The Mysterious Ancient Artifacts of Sanxingdui that have Rewritten Chinese History
Amid the once-tranquil village of Sanxingdui, in a quiet part of Sichuan province in China, a remarkable discovery took place which immediately attracted international attention and has since rewritten the history of Chinese civilisation. Two giant sacrificial pits were unearthed containing thousands of gold, bronze, jade, ivory and pottery artifacts that were so unusual and unlike anything ever found in China before, that archaeologists realised they had just opened the door to an ancient culture dating back between 3,000 and 5,000 years.
In the spring of 1929, a farmer was digging a well when he discovered a large stash of jade relics. This was the first clue that eventually led to the discovery of a mysterious ancient kingdom. Generations of Chinese archaeologists searched the area without success until 1986, when workers accidentally found the pits containing thousands of artifacts that had been broken, burned, and then carefully buried.
The discovery of the artifacts opened up a world of intrigue. The objects found in the sacrificial pits included animal-faced sculptures and masks with dragon ears, open mouths and grinning teeth; human-like heads with gold foil masks; decorative animals including dragons, snakes, and birds; a giant wand, a sacrificial altar, a 4-metre tall bronze tree; axes, tablets, rings, knives, and hundreds of other unique items. Among the collection was also the world’s largest and best preserved bronze upright human figure, measuring 2.62 metres (8 feet).
A sacrificial altar with several four-legged animals at the base to support a few bronze figures closely resembling the large face masks, each holding in outstretched hands a ceremonial offering of some sort. Photo source: Wikipedia
However, by far the most striking findings were dozens of large bronze masks and heads represented with angular human features, exaggerated almond-shaped eyes, straight noses, square faces, and huge ears, features which don’t reflect those of Asian people.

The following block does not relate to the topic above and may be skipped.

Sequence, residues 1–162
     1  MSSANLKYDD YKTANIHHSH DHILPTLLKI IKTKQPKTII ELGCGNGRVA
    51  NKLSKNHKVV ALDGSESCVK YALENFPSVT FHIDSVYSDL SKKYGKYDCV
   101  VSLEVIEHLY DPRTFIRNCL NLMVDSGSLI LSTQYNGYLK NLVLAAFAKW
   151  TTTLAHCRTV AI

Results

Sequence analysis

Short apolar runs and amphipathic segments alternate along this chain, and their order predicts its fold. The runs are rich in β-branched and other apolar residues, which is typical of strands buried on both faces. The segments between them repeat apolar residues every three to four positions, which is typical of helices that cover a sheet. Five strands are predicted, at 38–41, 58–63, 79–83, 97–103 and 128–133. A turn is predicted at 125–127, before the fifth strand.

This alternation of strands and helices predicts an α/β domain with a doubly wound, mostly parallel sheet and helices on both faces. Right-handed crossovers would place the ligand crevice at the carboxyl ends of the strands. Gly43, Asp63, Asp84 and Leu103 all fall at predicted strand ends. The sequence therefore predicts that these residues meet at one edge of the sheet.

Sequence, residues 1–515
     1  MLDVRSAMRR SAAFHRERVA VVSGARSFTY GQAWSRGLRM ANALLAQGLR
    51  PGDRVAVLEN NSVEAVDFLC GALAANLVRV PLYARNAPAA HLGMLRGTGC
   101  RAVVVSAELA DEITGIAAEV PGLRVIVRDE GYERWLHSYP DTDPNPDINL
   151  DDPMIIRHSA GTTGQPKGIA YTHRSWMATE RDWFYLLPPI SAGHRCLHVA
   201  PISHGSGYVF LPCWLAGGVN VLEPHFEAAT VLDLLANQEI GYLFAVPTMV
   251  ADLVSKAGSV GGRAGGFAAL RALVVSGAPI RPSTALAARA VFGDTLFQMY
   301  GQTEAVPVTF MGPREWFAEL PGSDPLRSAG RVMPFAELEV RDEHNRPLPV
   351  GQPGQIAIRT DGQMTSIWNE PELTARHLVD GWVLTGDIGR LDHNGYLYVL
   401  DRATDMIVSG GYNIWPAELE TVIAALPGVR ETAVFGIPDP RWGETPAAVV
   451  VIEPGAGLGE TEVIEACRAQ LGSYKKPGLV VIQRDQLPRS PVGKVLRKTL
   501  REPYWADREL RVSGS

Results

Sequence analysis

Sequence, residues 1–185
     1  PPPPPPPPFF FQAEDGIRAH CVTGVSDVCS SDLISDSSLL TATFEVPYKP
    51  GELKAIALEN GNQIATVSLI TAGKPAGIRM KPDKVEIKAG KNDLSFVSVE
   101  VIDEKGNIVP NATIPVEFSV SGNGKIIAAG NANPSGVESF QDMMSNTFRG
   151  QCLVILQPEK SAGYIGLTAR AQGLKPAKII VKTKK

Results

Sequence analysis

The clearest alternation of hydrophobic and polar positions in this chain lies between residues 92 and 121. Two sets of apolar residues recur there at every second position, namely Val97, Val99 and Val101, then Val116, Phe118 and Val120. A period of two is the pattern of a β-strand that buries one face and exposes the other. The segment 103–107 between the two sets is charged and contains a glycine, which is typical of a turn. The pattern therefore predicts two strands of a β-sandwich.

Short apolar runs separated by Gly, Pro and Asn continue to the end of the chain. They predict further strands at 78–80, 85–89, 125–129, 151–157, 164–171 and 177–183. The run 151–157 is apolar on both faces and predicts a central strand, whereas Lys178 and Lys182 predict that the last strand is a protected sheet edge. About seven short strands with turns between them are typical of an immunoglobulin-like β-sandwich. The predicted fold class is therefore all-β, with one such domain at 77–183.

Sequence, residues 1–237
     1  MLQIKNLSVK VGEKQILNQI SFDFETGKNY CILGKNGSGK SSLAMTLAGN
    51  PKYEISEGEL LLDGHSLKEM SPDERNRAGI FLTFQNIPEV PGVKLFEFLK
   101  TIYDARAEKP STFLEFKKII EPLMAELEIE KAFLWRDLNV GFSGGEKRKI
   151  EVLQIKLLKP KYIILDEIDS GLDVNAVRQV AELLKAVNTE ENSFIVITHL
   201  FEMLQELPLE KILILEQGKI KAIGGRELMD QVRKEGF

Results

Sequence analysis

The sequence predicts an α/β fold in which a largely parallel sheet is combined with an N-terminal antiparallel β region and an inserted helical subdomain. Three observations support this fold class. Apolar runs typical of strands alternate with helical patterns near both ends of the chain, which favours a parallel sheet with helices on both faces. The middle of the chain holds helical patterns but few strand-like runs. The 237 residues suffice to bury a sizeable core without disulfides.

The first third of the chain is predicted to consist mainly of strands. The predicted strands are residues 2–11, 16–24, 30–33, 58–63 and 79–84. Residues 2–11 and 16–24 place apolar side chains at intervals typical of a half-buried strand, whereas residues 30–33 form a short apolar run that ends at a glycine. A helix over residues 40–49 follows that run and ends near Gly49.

The artifacts were radiocarbon dated to the 12 th-11th centuries BC. They had been created using remarkably advanced bronze casting technology, which was acquired by adding lead to a combination of copper and tin, creating a stronger substance that could create substantially larger and heavier objects, such as the life-size human statue and the 4-metre tall tree.
Dozens of bronze heads were found in the pits, some containing gold foil masks
Some of the masks were enormous in size – one measures an incredible 1.32 metres in width and 0.72 metres in height, the largest bronze mask ever found. The three largest masks have the most supernatural features of all the Sanxingdui artifacts, with animal-like ears, monstrously protruding pupils, or an additional ornate trunk.
Researchers were astonished to find an artistic style that was completely unknown in the history of Chinese art, whose baseline had been the history and artifacts of the Yellow River civilisation(s).
A bird or dragon-like bronze head. Photo source .
The spectacular discovery at Sanxingdui in 1986 turned Sichuan into a focal point in the study of ancient China. The ancient artifacts found in the two pits date to the time of the Shang dynasty, in the late second millennium BC, when the primary civilised society was flourishing in the Yellow River valley, in north China, thousands of miles from Sichuan. No similar find has been made anywhere else, and there are no inscriptions at the Sanxingdui site to shed light on its culture, which was apparently a distinctive Bronze Age civilisation, unrecorded in historical texts and previously unknown. The discovery contributed to a fundamental shift from the traditional understanding of a single centre of civilisation in north China to the recognition of the existence of multiple regional traditions, of which Sichuan was clearly one of the most distinct.
The culture that produced these artifacts is now known as the Sanxingdui Culture, and archaeologists are identifying it with the ancient kingdom of Shu, linking the artifacts found at the site to its early legendary kings. References to a Shu kingdom that can be reliably dated to such an early period in Chinese historical records are scant (it is mentioned in Shiji and Shujing as an ally of the Zhou who defeated the Shang), but accounts of the legendary kings of Shu may be found in local annals.
According to the Chronicles of Huayang compiled in the Jin Dynasty (265–420 AD), the Shu kingdom was founded by Cancong. Cancong was described as having protruding eyes, a feature that is found in the figures of Sanxingdui. Other rulers mentioned in Chronicles of Huayang include Boguan, Yufu, and Duyu. Many of the objects are fish and bird-shaped, and these have been suggested to be totems of Boguan and Yufu (the name Yufu actually means fish cormorant).